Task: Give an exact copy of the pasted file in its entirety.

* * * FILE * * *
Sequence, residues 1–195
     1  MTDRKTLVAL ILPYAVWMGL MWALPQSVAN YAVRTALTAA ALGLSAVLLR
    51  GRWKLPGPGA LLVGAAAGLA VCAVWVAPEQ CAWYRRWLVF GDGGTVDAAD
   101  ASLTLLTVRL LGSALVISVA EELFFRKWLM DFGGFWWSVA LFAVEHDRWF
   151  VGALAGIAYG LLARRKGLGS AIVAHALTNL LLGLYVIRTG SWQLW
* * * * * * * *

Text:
Sequence, residues 1–195
     1  MTDRKTLVAL ILPYAVWMGL MWALPQSVAN YAVRTALTAA ALGLSAVLLR
    51  GRWKLPGPGA LLVGAAAGLA VCAVWVAPEQ CAWYRRWLVF GDGGTVDAAD
   101  ASLTLLTVRL LGSALVISVA EELFFRKWLM DFGGFWWSVA LFAVEHDRWF
   151  VGALAGIAYG LLARRKGLGS AIVAHALTNL LLGLYVIRTG SWQLW